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UN Security Council Approves Deployment in Chad, CAR


The United Nation's Security Council Monday endorsed a proposal to deploy a multi-dimensional security force to volatile eastern Chad and northeastern Central African Republic. The move gives the European Union and the U.N. a preliminary approval for the deployment of troops and police. From VOA's United Nation's bureau, Suzanne Presto reports.

The Security Council's Congolese President, Pascal Gayama, says the U.N. is concerned about insecurity in Chad and Central African Republic, near their borders with Sudan's southwestern Darfur region. Gayama said violence in the border areas threatens civilian lives and humanitarian operations.

France's Deputy Representative to the U.N., Jean-Pierre Lacroix, said the international community recognizes the seriousness of the situation.

"The Security Council welcomes the proposal made by the Secretary General for the deployment of a multi-dimensional force, a multi-dimensional presence in Chad and the Central African Republic, a police and military presence," said Jean-Pierre Lacroix. "And the third important message is that the Security Council expresses its readiness to authorize the deployment of that presence."

Earlier this month, Secretary General Ban Ki-moon submitted a proposal for the protection of refugees and internally displaced persons in parts of Chad and Central African Republic. He suggested that a U.N. force handle police training and human rights in the region, while a European Union force handle military tasks.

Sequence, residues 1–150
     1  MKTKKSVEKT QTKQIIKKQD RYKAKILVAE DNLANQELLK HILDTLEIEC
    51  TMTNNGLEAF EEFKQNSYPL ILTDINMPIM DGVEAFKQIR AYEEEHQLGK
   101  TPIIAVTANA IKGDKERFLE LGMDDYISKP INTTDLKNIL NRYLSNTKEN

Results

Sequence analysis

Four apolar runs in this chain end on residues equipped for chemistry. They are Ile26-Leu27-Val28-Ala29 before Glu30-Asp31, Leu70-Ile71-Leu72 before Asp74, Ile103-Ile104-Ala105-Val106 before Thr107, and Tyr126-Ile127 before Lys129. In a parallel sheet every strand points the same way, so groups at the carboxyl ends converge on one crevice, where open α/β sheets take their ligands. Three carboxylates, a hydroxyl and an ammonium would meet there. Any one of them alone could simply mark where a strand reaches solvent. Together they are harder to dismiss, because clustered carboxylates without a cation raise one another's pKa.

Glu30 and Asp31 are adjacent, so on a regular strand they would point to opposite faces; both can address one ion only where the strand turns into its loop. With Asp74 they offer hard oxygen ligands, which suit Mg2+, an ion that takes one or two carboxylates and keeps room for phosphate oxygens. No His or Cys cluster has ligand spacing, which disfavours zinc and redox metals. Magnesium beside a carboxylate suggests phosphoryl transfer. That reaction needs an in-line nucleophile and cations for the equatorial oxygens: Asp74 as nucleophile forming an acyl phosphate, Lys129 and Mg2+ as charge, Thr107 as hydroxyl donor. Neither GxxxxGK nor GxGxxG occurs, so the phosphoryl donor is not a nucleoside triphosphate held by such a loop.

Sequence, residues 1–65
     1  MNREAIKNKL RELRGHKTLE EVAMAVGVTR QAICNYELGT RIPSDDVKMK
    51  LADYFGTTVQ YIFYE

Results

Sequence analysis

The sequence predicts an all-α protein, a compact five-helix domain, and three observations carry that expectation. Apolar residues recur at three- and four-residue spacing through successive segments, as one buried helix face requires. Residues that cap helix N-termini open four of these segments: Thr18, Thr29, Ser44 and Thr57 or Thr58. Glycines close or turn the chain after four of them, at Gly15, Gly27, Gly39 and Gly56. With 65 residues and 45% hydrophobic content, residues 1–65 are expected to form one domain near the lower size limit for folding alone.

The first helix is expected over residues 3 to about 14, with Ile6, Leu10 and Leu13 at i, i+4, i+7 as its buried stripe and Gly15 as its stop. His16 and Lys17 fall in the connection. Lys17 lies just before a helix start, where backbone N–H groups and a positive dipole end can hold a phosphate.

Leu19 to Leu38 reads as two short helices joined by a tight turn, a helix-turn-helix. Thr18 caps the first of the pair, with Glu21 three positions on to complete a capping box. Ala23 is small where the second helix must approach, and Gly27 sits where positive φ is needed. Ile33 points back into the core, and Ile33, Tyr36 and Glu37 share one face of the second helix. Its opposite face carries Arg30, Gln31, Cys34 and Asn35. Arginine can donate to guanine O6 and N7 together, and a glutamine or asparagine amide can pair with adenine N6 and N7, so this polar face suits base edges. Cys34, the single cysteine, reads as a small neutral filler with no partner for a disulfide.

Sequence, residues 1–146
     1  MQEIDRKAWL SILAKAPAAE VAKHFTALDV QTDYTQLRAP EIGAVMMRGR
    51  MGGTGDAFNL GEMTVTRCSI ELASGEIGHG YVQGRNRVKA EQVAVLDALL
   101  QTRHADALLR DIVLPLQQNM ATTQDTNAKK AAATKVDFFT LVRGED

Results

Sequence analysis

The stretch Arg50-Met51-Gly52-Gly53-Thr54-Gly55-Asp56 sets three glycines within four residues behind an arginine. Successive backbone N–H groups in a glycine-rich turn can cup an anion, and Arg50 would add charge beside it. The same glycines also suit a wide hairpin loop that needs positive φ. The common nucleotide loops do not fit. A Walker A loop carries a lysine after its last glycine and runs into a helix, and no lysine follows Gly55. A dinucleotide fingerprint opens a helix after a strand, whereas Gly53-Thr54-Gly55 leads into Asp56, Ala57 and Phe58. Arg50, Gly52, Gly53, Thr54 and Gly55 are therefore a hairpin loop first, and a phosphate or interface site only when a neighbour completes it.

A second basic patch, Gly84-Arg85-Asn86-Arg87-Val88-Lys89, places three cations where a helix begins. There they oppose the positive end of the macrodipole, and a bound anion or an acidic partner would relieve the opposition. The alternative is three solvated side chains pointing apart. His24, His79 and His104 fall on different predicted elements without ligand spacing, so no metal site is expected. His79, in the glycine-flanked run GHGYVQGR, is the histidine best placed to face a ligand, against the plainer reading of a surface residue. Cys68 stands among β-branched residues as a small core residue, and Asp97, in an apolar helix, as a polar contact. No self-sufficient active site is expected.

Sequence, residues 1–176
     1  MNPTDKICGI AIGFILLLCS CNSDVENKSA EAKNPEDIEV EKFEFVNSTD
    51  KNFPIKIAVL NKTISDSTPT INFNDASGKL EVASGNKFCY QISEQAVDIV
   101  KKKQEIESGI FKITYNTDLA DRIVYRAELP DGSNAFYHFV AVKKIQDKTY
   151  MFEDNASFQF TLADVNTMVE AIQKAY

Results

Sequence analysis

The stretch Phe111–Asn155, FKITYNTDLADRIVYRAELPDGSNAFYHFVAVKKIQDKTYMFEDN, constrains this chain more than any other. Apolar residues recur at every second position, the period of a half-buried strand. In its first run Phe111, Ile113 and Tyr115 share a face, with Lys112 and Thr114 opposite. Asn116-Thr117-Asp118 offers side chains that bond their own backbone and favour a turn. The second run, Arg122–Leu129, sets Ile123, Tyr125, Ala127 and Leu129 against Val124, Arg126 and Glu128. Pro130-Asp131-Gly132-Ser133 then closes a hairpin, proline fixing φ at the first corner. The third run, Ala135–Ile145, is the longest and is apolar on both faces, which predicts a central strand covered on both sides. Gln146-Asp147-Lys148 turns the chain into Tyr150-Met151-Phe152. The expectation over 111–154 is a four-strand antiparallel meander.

The EU has said it would plan for such a peacekeeping mission.

Ambassador Lacroix says he hopes the Council will authorize that deployment very soon. He says the EU and the U.N. have been working very well together, and adds the U.N. has been working closely with authorities in Chad and Central African Republic.

The French ambassador says violence in Darfur has led to very serious humanitarian crises in northeastern Central African Republic and eastern Chad, where more than 400,000 refugees and internally displaced people need more security.

"That is why we need, parallel to the effort being made by the international community in Darfur, we need to make sure that we do what is needed to protect this population, both in Central African Republic and in Chad," he said.

Last month, the Council authorized a hybrid United Nations-African Union peacekeeping force for Sudan's Darfur region. It is to become the world's largest peacekeeping mission, with more than 25,000 military and police personnel.

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